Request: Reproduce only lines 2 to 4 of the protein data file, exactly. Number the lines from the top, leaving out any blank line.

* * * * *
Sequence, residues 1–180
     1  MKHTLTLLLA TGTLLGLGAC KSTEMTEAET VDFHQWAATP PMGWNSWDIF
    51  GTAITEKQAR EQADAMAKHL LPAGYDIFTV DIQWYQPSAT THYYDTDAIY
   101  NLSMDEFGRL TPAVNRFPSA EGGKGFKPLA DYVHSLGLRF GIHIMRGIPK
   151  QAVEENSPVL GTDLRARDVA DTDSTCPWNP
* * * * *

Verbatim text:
     1  MKHTLTLLLA TGTLLGLGAC KSTEMTEAET VDFHQWAATP PMGWNSWDIF
    51  GTAITEKQAR EQADAMAKHL LPAGYDIFTV DIQWYQPSAT THYYDTDAIY
   101  NLSMDEFGRL TPAVNRFPSA EGGKGFKPLA DYVHSLGLRF GIHIMRGIPK